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Water Access Policy: Following Neoliberal Ideology

The documentary then turned to the question of where the idea of privatization of such a vital resource came from. In short, Neoliberlism—as also detailed on this site’s section on free trade and globalization—was pushed by Britain’s Margaret Thatcher, USA’s Ronald Reagan and others, around the world. The World Bank and other international institutions took on this ideology, and encouraged privatization of most resources. In other words, they attempted to put a price on everything, even if it was not appropriate (e.g. health, education, and, possibly, water, amongst other services).

But it was not just conservative political parties pushing such ideologies. As also noted on this site’s neoliberalism section, economic ideology and political ideologies, though extremely related are also different in various ways. As a result, Britain’s Labour Party for example, also changed to become New Labour and supported privatization around the world. In Tanzania and elsewhere, they have used foreign aid budgets to pay for privatization (where British companies benefit) and even fund television advertising and popular songs that promote privatization. Furthermore, pressure is put on third world countries to privatize with favorable terms for private companies (including full guarantees in case of problems (i.e. bail out by the poor country’s tax payers). This again questions our common perceptions of corruption.

Separate from the above-mentioned documentary, The World Development Movement campaign organization (WDM) reported in 2005 that British aid money is being used to push water privatization on poor countries —making it less likely that clean water will ever get to the poorest people. And while poor people lose out, a group of big UK companies are profiting from this aid. This, the organization says is being done through four main ways:

  1. Expensive consultancies (which a lot of that aid money goes to paying for and these groups have a vested interest in pushing for privatization);
  2. Public relations campaigns (to get the poor to accept privatization of water);
  3. Direct funding for privatization; and
  4. Via conditions imposed by the IMF and World Bank.

Predictably then, price hikes have been witnessed around the world, accompanied by public protests. The documentary noted the irony of the efficiency that private companies were supposed to bring to the provision and functioning of this service. One of the various examples given was where people had their water cut off but were still billed for many months for water they could never have used. Intermediary water sellers in Tanzania, for example, found business to be booming, because there were so many poor people unable to afford the privatized service and turned to them instead, and they also hiked up prices. Around the world, stories have been similar. Many poor people have also ended up working even more than they already do, unnecessarily.

In Tanzania, the documentary highlighted the courage of the Prime Minister Edward Lowassa, who after 18 months, became disillusioned by the British and World Bank-encouraged privatization. He complained to the documentary that the multinational corporations were only interested in profit. While the MNCs said that independent reviews were positive, the documentary revealed those same reports actually showed otherwise. Senior British staff were told to leave. Think again before you privatize [water], President Lowassa warned; It is dangerous.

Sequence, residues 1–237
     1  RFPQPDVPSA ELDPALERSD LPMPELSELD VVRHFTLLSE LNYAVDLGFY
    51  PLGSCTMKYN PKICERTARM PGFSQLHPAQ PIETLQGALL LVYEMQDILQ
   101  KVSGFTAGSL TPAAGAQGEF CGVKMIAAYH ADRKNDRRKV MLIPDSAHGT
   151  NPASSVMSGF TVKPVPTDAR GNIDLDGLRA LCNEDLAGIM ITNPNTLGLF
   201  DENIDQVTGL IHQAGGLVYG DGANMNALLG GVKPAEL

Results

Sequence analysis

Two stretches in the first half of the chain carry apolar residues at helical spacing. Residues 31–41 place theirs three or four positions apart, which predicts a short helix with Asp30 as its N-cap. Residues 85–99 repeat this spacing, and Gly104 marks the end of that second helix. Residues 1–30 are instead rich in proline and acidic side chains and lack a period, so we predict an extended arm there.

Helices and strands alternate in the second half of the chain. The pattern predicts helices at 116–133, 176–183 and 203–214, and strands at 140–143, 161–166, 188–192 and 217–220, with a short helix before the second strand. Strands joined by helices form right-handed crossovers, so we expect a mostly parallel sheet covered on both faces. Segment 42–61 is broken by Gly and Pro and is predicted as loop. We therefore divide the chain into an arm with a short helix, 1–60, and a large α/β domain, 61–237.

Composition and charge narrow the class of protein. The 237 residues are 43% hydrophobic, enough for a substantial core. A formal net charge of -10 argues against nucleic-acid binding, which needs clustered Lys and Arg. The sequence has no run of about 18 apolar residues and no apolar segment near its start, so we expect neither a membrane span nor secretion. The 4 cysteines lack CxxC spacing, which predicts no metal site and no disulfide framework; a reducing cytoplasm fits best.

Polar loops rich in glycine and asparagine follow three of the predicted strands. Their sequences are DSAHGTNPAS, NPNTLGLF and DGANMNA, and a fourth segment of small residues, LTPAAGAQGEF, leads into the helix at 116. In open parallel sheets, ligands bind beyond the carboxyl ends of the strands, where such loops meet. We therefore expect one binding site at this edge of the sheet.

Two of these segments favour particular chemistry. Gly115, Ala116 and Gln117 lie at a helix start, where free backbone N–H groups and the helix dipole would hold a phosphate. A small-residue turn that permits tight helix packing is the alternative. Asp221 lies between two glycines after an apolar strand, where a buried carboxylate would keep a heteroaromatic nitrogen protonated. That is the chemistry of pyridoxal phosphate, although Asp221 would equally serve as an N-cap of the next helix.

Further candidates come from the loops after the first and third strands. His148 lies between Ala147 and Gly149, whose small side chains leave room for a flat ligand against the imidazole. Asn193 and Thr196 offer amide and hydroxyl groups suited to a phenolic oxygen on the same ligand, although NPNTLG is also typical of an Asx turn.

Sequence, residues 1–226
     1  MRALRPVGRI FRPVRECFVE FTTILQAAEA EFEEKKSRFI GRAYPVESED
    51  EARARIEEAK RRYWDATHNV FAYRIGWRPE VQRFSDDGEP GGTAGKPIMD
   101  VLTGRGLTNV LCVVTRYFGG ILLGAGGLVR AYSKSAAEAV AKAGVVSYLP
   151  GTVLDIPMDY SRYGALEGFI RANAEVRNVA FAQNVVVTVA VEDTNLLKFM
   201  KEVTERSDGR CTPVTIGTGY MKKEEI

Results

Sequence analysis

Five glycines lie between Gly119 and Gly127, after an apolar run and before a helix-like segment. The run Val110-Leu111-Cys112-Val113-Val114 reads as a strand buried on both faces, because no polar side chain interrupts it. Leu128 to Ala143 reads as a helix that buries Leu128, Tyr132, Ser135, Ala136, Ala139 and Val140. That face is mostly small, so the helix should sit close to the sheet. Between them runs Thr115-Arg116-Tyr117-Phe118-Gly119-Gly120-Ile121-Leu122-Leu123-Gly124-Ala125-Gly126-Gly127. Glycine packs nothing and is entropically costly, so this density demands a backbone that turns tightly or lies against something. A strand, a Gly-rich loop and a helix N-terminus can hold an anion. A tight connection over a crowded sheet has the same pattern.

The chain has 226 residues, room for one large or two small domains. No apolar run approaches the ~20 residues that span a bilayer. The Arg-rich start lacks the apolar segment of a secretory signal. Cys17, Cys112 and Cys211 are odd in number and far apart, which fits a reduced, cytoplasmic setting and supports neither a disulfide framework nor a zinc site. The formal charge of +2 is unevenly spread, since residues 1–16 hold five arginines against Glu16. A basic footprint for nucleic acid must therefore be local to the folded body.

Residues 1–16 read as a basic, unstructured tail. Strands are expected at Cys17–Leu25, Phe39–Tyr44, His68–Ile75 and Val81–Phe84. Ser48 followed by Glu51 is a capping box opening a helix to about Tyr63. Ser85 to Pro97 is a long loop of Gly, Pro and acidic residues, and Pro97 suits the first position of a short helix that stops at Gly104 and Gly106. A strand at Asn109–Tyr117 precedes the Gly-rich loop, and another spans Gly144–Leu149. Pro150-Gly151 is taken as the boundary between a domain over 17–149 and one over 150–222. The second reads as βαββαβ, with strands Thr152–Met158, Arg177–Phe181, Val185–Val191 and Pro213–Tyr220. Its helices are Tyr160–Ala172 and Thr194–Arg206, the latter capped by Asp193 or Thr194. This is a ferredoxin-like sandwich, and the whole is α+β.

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Privatization vs. Democratic Accountability of Management of a Fundamental Resource

The above-mentioned documentary noted that the World Bank argues that the problem is not privatization itself, but that privatization is not being practiced properly.

Bolivia For Sale, Directed by Dylan Howitt. Produced by Christian Aid, Jan 2005 (This video highlights the effect of privatization on Bolivia.)

Yet, the market-based paradigm for such a vital resource has come under question. The earlier-mentioned WDM report as well as the documentary noted that the goals of a responsible government (universal access), and the goals of a private company (profit, typically by providing access to those who can pay) implies that private sector efficiency for profit may not mean that same efficiency will lead to universal access.

Certainly, there are cases where markets have provided innovative ideas and efficiency in management. This typically requires a market where people that can pay for the service. For universal access, however, (which includes people who may not be able to pay, for a variety of reasons, and may require subsidies or assistance), a solely market-based privatization may be inappropriate.

The United Nations Human Development Report, focusing on water, weighs in on this too, and adds:

Some privatization programs have produced positive results. But the overall record is not encouraging. From Argentina to Bolivia, and from the Philippines to the United States, the conviction that the private sector offers a magic bullet for unleashing the equity and efficiency needed to accelerate progress towards water for all has proven to be misplaced. While these past failures of water concessions do not provide evidence that the private sector has no role to play, they do point to the need for greater caution, regulation and a commitment to equity in public-private partnerships.